By on August 30, 2015

Volkswagen and Suzuki agreed to establish a comprehensive partnership

Osamu Suzuki (middle right), chairman of Suzuki Motor Corporation, can finally celebrate his biggest win. After a failed alliance with Volkswagen put Suzuki — the chairman and company — on the back foot for almost four years, the International Court of Arbitration of the International Chamber of Commerce in London has decided in the Japanese company’s favor. Suzuki will purchase back their own stock from Volkswagen.

Suzuki received news of the ruling Saturday and filed the information with the Tokyo Stock Exchange on Sunday.

“It’s good that a resolution came. I feel refreshed. It’s like clearing a bone stuck in my throat,” said to reporters gathered at a news conference in Tokyo, reports Automotive News. “I’m very satisfied with the resolution. Through it, Suzuki was able to attain its biggest objective.”

In a statement released today, Suzuki Motor Corporation “requested Volkswagen AG to terminate their business and capital alliance through amicable negotiation. However, as VW failed to respond to Suzuki’s request, Suzuki served on 18 November 2011 a notice of termination of the Framework Agreement that was made with VW. Further, on 24 November 2011, based on the parties’ agreement, Suzuki filed a request for arbitration in London, which is the place of arbitration with the International Court of Arbitration of the International Chamber of Commerce.”

The tribunal found in favor for Suzuki in two areas: a termination of the “Framework Agreement” and Volkswagen’s divestment of shared in Suzuki.

From Suzuki:

The Tribunal found that the Framework Agreement was validly terminated by Suzuki’s notice of termination dated 18 November 2011 mentioned above, such termination being effective from 18 May 2012.

The Tribunal upheld Suzuki’s claim regarding VW’s disposal of its shares in Suzuki and ordered VW to divest forthwith those shares to Suzuki or a third party designated by Suzuki using a method which is reasonably determined by Suzuki.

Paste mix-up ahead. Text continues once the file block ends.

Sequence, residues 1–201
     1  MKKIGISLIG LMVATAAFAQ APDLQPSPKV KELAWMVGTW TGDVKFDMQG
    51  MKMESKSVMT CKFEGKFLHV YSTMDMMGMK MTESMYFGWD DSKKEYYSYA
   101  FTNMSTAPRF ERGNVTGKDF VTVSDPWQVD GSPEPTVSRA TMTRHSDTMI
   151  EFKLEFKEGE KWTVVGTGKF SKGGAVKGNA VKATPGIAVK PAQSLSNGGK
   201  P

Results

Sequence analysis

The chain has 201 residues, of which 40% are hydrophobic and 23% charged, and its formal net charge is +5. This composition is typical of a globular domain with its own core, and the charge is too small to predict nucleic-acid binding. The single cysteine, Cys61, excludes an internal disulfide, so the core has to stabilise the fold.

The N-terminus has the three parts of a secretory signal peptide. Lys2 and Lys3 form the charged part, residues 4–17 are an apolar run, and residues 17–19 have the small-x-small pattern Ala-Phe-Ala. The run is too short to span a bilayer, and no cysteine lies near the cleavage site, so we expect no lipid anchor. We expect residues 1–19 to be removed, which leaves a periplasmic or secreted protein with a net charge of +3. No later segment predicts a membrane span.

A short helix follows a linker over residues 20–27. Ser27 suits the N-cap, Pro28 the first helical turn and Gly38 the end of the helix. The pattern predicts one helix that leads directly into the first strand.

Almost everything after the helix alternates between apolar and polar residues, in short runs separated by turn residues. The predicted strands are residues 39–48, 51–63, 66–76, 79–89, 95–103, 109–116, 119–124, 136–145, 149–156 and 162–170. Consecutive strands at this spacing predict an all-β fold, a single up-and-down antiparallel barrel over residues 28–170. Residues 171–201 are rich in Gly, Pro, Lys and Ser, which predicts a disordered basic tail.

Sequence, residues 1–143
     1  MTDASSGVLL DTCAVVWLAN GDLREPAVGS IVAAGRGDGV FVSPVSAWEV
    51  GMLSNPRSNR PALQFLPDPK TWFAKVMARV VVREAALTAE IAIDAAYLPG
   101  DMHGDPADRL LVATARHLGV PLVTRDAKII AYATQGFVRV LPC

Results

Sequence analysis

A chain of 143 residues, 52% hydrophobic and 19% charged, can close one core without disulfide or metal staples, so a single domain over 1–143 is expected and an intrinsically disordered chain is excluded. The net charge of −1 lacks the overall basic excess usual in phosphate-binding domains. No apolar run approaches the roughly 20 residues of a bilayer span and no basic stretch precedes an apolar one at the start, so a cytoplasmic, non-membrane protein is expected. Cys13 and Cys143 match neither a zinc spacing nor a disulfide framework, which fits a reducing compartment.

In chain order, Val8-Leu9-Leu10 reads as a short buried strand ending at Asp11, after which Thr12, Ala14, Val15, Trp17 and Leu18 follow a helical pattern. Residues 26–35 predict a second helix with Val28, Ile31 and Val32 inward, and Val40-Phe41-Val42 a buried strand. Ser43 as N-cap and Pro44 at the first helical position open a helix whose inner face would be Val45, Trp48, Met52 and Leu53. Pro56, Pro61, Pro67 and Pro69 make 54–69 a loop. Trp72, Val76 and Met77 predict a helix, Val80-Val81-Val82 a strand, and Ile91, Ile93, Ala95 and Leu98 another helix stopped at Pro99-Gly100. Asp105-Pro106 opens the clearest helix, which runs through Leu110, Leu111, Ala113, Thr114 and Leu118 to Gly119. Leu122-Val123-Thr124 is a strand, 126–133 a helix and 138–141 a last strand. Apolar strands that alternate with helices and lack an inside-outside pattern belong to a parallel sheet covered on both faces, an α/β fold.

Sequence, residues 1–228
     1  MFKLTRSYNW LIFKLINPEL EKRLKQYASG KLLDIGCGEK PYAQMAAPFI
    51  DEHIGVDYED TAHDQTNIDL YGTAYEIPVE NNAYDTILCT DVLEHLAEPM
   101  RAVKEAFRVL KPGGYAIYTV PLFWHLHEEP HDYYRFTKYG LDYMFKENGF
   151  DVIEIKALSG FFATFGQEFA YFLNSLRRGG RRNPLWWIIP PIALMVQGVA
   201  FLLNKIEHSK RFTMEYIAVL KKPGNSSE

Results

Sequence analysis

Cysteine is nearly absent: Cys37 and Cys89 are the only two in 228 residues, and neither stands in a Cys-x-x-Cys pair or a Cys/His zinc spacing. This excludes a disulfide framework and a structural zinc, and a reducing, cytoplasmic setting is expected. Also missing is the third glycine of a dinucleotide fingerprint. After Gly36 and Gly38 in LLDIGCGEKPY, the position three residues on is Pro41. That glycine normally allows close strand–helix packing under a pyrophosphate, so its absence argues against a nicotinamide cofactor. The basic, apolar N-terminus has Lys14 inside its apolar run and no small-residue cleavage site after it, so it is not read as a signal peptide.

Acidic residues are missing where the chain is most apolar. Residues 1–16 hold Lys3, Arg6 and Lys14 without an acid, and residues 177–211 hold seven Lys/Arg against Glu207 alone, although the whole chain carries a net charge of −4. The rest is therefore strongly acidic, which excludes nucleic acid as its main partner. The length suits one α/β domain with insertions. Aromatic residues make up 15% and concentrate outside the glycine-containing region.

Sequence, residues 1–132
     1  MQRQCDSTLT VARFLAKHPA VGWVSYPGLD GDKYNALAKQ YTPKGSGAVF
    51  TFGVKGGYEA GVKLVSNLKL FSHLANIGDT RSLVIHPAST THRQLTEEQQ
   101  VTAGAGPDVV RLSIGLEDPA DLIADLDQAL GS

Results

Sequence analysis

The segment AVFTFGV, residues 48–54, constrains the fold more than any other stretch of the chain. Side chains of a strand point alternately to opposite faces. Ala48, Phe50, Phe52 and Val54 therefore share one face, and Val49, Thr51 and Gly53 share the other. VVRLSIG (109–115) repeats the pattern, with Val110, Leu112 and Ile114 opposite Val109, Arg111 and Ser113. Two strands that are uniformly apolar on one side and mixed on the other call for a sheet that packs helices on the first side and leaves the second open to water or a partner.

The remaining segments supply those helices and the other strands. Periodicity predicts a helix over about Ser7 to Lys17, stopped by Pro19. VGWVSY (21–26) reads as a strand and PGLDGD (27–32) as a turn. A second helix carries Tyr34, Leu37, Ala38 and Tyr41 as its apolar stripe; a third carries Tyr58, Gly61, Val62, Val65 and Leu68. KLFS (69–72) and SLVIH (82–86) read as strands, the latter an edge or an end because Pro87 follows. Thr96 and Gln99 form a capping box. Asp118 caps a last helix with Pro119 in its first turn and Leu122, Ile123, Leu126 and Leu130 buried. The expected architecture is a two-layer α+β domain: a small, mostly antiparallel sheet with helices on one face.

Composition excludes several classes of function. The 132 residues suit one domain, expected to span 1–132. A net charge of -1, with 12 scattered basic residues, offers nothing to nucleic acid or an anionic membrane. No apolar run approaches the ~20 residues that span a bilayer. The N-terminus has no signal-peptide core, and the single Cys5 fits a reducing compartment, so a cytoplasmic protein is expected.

Volkswagen’s 19.9-percent share in Suzuki will be purchased by the Japanese company through the Tokyo Stock Exchange.

However, Suzuki could still incur financial penalties later, as Volkswagen’s counterclaim of breach of contract was also partially upheld. That claim will be “addressed in a further stage of the arbitration,” stated Suzuki Motor Corporation. According to Volkswagen in a statement, Suzuki “failed to give Volkswagen last-call rights for the delivery of diesel engines. Volkswagen reserves the right to claim damages against Suzuki.”

The official end of the alliance will likely trigger more succession planning for the Japanese auto and motorcycle manufacturer. In June 2015, Osamu Suzuki appointed his eldest son, Toshihiro, to the role of president.


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3 Comments on “Suzuki: “I Feel Refreshed” After Win Against Volkswagen...”

  • avatar

    German-Japanese alliances rarely work out.

    Good for Suzuki, I can just imagine how Mr. Suzuki feels, like there is an invisible boot on your throat and the relief you feel when the burdon has passed.

    I hope they can get back on track. Suzuki has worked best on its own, mostly. Their engineering is often sound, their product pretty good. I wish they were still here but that ship has sailed. Here’s wishing you the best, Suzuki (the man and the company).

  • avatar

    This has to be, hands down, the worse automotive partnership ever – almost 20% of Suzuki exchanged hands and they did NOT produce one measly vehicle together. Not even an engine. Not one!

    The reason they wanted VW was to get some better engine tech and better car electronics. Suzuki makes pretty decent vehicles. I have a Kizashi, and its outstanding – but it could use a better, newer engine and electronics are a very weak spot. Same for Hybrid technology, Suzuki has none yet, which is what they really wanted from VW. Their cars are the perfect size to be Hybrids.

    They are free from VW, good, but despite their sweet Indian spot as #1 car manufacturer, and dominating a few asian countries, there is relatively little out there for Suzuki. They will need to invest oodles of money to survive or merge with someone.

    So, now what Suzuki? Sergio will certainly take you, but his eyes want something big.

    • 0 avatar

      They should just stay small and keep doing what they’re doing. They seem to be self-sufficient enough, even though they couldn’t hack it in the American market. But that’s okay, they’re other places.

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